October 9-12, 2013
Shut out of the national parks due to the federal government shut down* in early October we scrambled to find a suitable alternative. But really, can anything replace the Grand Canyon?
After consulting various maps and hiking guides we settled on the Superstition Wilderness just east of the Phoenix metropolitan area. A cold front passing through the state plunged temperatures 20 degrees below normal. While it was snowing in Flagstaff, highs in the Sonoran desert were in the low 70s, ideal for hiking.
The Superstition Mountains are part of Tonto National Forest. All services for the wilderness area, therefore, were shut down, including the area’s recreational lakes, but not the hiking trails. The Lost Dutchman State Park bordering the wilderness area was also running smoothly with available camping, a helpful ranger and great views of the iconic formations.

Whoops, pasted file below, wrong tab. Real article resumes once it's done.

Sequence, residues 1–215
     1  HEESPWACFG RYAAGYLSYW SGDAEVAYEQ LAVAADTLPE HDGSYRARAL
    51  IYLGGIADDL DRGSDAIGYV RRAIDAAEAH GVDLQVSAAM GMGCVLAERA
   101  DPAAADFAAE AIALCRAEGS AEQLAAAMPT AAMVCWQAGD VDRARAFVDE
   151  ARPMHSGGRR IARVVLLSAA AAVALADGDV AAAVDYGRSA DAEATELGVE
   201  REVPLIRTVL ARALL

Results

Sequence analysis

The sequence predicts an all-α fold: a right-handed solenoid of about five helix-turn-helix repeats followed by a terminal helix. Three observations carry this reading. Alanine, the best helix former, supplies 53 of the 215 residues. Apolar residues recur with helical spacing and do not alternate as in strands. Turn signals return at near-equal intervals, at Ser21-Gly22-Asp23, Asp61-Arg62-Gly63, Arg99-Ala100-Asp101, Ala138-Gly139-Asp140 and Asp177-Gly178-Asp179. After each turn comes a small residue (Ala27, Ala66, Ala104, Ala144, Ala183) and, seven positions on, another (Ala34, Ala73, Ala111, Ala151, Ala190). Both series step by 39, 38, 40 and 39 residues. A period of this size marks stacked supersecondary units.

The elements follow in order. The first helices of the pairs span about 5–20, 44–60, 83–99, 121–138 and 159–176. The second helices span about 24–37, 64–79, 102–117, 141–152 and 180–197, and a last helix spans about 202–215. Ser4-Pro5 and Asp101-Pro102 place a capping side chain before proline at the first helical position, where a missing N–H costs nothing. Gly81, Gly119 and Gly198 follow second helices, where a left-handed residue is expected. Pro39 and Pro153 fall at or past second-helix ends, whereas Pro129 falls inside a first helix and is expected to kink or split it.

We arrived at the campground late in the afternoon during a dust storm that turned into a night of perpetual showers. By morning everything was drenched. It continued to drizzle as we packed up our gear for two days in the back country.
Ranger Georgie at the campground office helped us map out a 3 day/2 night loop hike along some of the wilderness’s most scenic trails. Most importantly, telling us where we would have the greatest possibility of finding water.
Her suggested route:
Day 2 – ~7 miles – Dutchman’s trail to the Peralta trail via the shorter route over Upper Black Top Mesa Pass. Camp near the base of Weavers Needle, below Fremont Saddle.
Day 3 – ~2.5 miles – A short hike over the Fremont Saddle and through the popular Peralta Canyon.
We found all the suggested trails to be well blazed and only moderately difficult, i.e. no scrambling over rocks or long steep climbs.
*Due to political dysfunction and the nature of our governmental system the federal government “shut down” non-essential operations, including the national parks, as of October 1st, 2013. The shutdown ended on October 17th.